Kelley Kittle and her fiance, Anthony Mammarella, were looking forward to getting married in the sanctuary of Baltimore First Seventh-day Adventist Church in Ellicott City tomorrow.
But a lightning bolt Thursday night changed those plans in a flash, setting fire to the church's roof and leaving the sanctuary strewn with debris.
Yesterday, Kittle, Mammarella and dozens of other parishioners were cleaning up the remaining portions of the church -- wiping down the soot-stained walls in the foyer and removing furniture to dry off -- and helping set up chairs in the temporary sanctuary in the church's fellowship hall.
The lightning strike and two-alarm fire were a close call for members of the historic congregation, which began in Baltimore in the 19th century and relocated to the Ellicott City location, in the 3200 block of St. Johns Lane, more than 15 years ago.
The county building inspector assessed the stability of the remaining part of the church and deemed it safe for use. The Rev. Ben Boggess, the church's pastor, said neighboring churches have offered facilities to the congregation. The church is scheduled to host its Bible study and regular service today.
Parishioners said that even though the fire caused a lot of damage to the church, it could have been worse.
"We're going to still get married," Kittle said, even though people teased her about the potentially bad sign from the fire. "A lot of people say that, but I don't think it's a bad sign."
At the time of the storm, the church was hosting a graduation ceremony for kindergartners and their parents -- about 25 people -- in a section of the church separate from the sanctuary. All occupants were evacuated safely, but it took more than 60 firefighters to bring the two-alarm blaze under control.
Marvel Boggess, the pastor's wife, said firefighters were at the church until at least 11:30 p.m. putting out flare-ups.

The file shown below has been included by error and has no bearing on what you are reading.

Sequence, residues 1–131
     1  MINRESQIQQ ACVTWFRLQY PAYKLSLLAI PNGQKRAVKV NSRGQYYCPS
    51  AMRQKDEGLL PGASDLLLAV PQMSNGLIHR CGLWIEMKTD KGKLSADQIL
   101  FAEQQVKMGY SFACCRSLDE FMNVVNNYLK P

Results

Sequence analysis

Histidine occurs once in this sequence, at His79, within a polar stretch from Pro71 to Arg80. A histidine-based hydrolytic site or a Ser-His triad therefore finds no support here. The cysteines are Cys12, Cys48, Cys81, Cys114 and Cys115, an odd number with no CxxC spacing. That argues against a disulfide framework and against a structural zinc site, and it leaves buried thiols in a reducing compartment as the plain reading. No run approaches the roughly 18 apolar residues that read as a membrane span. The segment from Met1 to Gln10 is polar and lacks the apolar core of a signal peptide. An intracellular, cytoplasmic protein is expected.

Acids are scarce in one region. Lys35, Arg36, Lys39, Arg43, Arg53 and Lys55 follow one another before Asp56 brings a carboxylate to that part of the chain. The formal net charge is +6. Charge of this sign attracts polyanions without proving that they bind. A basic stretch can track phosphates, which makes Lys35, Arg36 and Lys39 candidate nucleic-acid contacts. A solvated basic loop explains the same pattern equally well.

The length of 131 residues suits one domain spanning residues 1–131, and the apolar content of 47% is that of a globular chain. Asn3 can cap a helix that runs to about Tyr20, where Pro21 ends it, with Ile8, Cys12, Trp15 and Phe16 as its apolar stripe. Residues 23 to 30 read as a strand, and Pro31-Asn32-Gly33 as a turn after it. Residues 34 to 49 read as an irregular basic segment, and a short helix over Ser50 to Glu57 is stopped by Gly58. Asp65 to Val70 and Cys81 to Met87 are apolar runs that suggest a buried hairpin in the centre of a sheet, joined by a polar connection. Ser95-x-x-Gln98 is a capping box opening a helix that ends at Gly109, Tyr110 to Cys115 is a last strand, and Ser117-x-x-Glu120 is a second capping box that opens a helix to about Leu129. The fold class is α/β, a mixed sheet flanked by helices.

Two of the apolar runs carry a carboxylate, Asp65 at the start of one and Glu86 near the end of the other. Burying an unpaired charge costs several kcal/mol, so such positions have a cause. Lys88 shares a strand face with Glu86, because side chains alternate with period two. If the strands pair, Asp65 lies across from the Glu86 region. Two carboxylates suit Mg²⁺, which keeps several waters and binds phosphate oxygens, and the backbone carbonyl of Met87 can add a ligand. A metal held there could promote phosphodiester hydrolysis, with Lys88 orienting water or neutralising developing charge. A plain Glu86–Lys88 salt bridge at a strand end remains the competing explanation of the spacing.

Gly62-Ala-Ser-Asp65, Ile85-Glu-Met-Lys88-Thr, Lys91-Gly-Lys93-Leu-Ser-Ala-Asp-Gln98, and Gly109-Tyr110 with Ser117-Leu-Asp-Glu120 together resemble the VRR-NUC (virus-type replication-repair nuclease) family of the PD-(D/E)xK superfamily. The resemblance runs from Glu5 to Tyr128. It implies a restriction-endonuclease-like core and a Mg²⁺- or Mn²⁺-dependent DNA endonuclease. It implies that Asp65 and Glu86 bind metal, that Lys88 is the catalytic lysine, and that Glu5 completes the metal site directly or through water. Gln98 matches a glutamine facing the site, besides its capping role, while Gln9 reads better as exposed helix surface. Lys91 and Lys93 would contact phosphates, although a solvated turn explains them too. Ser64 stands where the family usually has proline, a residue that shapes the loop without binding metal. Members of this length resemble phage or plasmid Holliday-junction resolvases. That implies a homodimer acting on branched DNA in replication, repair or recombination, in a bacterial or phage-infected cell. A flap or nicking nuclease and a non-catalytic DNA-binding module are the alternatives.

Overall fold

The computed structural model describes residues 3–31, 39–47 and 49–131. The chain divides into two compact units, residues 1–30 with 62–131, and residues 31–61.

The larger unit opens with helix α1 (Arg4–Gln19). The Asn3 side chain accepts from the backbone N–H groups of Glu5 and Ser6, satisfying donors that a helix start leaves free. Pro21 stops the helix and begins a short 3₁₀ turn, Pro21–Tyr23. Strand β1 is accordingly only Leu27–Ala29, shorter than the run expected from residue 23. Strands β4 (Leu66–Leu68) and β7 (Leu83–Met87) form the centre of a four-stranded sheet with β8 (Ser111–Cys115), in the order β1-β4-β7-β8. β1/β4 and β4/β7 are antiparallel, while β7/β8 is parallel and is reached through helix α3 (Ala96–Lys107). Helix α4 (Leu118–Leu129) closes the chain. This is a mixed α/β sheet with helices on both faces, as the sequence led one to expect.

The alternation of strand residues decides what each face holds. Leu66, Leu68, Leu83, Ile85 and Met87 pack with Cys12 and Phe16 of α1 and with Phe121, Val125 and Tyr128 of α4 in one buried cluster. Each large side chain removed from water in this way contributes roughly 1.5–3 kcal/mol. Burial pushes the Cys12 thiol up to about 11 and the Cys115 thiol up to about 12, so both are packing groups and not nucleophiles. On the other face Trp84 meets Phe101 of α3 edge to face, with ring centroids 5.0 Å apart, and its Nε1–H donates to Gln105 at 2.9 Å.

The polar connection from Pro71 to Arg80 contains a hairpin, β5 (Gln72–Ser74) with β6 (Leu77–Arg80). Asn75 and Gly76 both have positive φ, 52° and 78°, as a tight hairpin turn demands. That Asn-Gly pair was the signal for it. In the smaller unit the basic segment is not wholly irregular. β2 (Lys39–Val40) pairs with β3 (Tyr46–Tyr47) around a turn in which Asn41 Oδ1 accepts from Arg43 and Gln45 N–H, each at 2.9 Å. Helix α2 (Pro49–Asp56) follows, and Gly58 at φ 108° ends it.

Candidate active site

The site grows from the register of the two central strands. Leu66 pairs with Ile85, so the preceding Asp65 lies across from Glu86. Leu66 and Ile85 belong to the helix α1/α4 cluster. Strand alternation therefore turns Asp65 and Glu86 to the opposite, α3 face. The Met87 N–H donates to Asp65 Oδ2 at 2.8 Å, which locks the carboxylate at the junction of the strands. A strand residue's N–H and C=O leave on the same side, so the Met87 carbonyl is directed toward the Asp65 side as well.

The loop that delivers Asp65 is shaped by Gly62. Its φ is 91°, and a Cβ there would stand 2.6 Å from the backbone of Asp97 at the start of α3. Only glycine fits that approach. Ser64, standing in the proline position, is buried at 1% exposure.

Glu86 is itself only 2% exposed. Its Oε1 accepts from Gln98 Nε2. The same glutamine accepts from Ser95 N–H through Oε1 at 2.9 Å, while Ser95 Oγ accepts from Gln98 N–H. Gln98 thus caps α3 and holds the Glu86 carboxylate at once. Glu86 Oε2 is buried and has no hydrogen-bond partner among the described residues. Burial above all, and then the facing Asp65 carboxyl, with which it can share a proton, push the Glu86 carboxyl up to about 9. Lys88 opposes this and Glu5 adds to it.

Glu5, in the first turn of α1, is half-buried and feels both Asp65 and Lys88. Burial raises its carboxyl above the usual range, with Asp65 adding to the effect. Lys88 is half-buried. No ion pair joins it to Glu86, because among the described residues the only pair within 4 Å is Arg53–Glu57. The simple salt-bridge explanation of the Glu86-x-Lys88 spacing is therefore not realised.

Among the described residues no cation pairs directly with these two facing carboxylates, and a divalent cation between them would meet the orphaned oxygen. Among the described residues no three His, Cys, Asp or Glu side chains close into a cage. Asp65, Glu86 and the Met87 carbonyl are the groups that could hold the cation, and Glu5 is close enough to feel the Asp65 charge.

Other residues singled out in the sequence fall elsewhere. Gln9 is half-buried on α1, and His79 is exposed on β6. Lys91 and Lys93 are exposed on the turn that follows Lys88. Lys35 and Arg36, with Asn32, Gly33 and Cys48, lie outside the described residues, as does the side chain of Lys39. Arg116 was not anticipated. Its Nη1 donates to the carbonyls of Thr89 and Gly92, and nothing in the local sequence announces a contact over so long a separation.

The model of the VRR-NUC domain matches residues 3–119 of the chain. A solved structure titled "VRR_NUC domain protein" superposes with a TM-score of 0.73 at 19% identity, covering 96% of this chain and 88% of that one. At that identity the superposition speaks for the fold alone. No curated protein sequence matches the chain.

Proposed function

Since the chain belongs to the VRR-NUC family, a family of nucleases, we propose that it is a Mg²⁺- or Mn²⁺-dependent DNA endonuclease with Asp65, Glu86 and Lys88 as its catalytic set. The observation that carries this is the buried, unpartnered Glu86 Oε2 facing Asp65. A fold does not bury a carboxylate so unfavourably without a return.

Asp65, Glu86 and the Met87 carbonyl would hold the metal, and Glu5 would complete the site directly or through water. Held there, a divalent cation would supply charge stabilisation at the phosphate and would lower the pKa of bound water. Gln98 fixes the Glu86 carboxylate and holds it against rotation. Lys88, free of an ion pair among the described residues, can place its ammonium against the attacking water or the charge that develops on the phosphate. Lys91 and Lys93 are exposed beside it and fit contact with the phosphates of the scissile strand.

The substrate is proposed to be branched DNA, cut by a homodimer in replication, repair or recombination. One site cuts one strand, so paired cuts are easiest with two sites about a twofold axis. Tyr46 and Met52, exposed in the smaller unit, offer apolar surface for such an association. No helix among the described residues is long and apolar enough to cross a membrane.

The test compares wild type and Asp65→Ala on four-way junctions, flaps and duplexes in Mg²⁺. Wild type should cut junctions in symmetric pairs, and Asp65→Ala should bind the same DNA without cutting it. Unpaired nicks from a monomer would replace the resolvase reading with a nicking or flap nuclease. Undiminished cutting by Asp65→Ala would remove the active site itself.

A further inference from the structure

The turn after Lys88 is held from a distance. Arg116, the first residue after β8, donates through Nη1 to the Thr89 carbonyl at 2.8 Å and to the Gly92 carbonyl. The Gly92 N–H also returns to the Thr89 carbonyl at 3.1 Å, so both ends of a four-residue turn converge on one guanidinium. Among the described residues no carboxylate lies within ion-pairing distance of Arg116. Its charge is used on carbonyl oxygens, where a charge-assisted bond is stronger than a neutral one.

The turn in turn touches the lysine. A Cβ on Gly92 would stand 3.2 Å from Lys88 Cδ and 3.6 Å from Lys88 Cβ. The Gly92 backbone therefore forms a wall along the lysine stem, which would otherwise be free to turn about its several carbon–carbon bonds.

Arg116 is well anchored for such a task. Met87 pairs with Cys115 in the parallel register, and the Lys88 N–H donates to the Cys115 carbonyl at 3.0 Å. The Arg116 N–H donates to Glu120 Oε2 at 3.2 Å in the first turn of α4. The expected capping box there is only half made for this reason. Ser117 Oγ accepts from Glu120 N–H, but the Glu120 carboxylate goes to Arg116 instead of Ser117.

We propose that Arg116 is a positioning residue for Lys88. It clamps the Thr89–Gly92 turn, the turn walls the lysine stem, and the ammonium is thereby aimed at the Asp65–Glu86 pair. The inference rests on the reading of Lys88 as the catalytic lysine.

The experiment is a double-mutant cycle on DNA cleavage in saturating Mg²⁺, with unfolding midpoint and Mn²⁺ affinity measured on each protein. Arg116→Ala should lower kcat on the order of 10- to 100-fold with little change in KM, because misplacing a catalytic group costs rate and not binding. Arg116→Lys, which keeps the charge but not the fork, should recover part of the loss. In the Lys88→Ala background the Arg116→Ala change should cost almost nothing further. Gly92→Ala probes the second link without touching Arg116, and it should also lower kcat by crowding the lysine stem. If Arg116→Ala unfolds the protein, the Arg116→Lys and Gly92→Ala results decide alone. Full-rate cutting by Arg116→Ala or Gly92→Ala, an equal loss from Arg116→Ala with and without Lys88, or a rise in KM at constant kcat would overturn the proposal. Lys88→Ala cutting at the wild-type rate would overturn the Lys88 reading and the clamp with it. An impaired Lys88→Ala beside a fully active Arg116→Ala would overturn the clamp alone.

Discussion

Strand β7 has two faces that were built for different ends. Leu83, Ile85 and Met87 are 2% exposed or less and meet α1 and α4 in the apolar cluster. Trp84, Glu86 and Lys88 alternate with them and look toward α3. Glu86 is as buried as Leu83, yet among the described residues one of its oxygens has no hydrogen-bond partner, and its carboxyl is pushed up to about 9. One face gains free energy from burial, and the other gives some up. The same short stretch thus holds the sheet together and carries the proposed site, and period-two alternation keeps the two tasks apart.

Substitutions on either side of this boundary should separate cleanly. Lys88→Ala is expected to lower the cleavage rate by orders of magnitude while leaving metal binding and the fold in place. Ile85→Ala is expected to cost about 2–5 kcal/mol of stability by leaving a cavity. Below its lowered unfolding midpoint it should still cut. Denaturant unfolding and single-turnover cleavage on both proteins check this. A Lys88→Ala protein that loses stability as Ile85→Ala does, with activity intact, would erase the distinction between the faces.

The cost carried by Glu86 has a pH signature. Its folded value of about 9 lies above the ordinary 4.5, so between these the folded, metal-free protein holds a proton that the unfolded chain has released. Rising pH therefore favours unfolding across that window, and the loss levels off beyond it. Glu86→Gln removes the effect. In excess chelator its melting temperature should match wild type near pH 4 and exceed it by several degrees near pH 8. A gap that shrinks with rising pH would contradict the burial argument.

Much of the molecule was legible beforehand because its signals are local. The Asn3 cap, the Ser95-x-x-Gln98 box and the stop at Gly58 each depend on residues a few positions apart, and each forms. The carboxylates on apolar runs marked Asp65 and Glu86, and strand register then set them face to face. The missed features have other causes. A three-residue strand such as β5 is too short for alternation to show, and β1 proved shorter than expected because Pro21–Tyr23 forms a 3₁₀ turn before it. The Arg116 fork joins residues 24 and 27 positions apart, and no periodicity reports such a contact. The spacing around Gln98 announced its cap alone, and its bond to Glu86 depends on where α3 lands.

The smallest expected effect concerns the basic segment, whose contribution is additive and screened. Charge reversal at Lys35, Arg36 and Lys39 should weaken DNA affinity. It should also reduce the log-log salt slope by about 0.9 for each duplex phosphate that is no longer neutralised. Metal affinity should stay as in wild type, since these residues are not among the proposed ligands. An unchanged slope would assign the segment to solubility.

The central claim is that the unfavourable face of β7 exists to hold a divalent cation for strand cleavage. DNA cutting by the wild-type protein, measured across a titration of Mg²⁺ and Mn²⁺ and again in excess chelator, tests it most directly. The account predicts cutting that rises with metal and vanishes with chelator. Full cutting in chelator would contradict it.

Word of the blaze quickly traveled, and a quarter of the congregation's more than 300 members watched from the parking lot as the fire continued.
"Initially it was very sad and a little down," said Robert Blake, 39, as he described the mood in the crowd. "And then as they saw the blessings in it -- nobody got hurt and everybody got out in time -- we bonded as a church family, and we got elevated at that point."
Yesterday afternoon, the Rev. Ben Boggess walked on the drenched brown carpet in the sanctuary as he peered up at the afternoon sun shining through the gaping hole in the roof.
In the sanctuary, metal, pink roofing insulation and charred wood covered ground that once housed a line of pews and the church grand piano and organ. A large cross, connected to a stone wall, was untouched by the fire.
Marvel Boggess said it was a miracle that the cross wasn't damaged.
Throughout the afternoon, a continual flow of teary-eyed parishioners stopped by the church, giving a hug to the Boggesses and offering their help.
"It's very good that everybody is willing to help out," Marvel Boggess said, as she hugged a parishioner.
Ben Boggess said many have turned out to help. "They are in good courage and this is just a bump in the road -- we'll keep going and rebuild," he said.
The pastor said there has not been an estimate on the damaged sanctuary, which was built in the early 1980s. He said they might have to cancel the next scheduled wedding, in October.
"I was pretty devastated," Kittle said of her reaction Thursday night, when she got a phone call telling her about the blaze. "I wasn't concerned about the wedding, but about the church and my pastor." She said that she and her fiance "have been together for 12 years, and we have basically been married."
Kittle and Mammarella now plan to take their vows in front of the church, beneath a flowering dogwood tree -- and in full view of that gaping hole in the church's charred roof.